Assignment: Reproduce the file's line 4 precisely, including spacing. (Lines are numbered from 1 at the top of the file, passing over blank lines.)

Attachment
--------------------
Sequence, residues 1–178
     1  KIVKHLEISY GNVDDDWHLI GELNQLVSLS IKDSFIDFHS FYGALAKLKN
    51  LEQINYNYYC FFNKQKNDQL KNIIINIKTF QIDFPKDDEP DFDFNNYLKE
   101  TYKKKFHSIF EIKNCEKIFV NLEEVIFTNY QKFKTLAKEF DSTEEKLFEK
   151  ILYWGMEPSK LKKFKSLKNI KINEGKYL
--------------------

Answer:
   101  TYKKKFHSIF EIKNCEKIFV NLEEVIFTNY QKFKTLAKEF DSTEEKLFEK